Immunologic Arterial Injury and Atherogenesis

  • C. Richard Minick
Conference paper


Arterial injury has been shown to be a primary causative factor in arteriosclerosis (Minick et al. 1976; Ross and Glomset 1976). Arterial injury, and the resulting necrosis, inflammation, intimal thickening and other reparative features may favor the deposition of blood-borne lipid at sites of injury and lead to atherosclerosis. It is important to our understanding of the etiology and pathogenesis of human atheorsclerosis to identify those causes of arterial injury and the nature of the reactive change that may be important in etiology and pathogenesis of atherosclerosis in man and other animals. There is considerable evidence to suggest that inflammation of the arterial wall and in particular that resulting from immunologic injury may be important in the development of arteriosclerosis in man. The following observations support this suggestion:
  1. 1.

    Inflammation and atherogenesis share major pathogenic features. Inflammation is a reaction to injury in which there is increased permeability of endothelium of the microcirculation, accumulation of protein-rich fluid in the intersitium, migration of leukocytes, and repair characterized by proliferation of mesenchymal cells and increased connective tissue synthesis. Similarly, necrosis of arterial smooth muscle cells, increased permeability of endothelium, migration of leukocytes, proliferation of mesenchymal cells and increased connective tissue synthesis are all features of atherosclerosis (Joris and Majno 1978).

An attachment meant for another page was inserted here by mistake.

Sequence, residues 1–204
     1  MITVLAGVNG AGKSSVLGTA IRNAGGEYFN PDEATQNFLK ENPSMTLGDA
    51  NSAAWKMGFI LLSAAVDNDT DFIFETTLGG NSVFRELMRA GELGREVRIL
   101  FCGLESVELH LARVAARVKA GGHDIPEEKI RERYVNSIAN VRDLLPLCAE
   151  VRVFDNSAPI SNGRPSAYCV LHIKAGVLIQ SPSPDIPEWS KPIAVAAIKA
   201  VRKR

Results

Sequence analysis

2. 2.

    Immunological vascular injury and atherosclerosis also share pathogenic features. Increased endothelial permeability resulting from IgE mediated release of vasoactive amines from basophils and platelets is believed to be essential for localization of immune complexes in the arterial wall. Such IgE mediated increases in endothelial permeability may enhance transport of other macromolecules, e.g., lipoproteins, into the arterial wall (Henson and Cochrane 1971). Alterations in endothelium are also important in other types of immunological injury such as graft rejection (Alonso et al. 1977).

  3. 3.

    Premature atherosclerosis or atherosclerosis of increased severity has been found in human in association with arterial diseases that have a major inflammatory or immunological components. Saphir et al. (1950) noted evidence of healed arteritis in hearts of humans with premature atherosclerosis and ischemic heart disease. Syphilis, rheumatic heart disease, lupus erythematosus and organ transplantation may be associated with vascular injury, arteritis and premature or unusually severe atherosclerosis (Zeek et al. 1932; Bulkley and Roberts 1975; Rider et al. 1975). There is evidence to indicate that arterial injury in syphilis, rheumatic heart disease, lupus erythematosus and organ transplantation are immunologically mediated.



Rheumatic Heart Disease Arterial Injury Premature Atherosclerosis Arterial Smooth Muscle Cell Serum Sickness 
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© Springer-Verlag New York Inc. 1980

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  • C. Richard Minick

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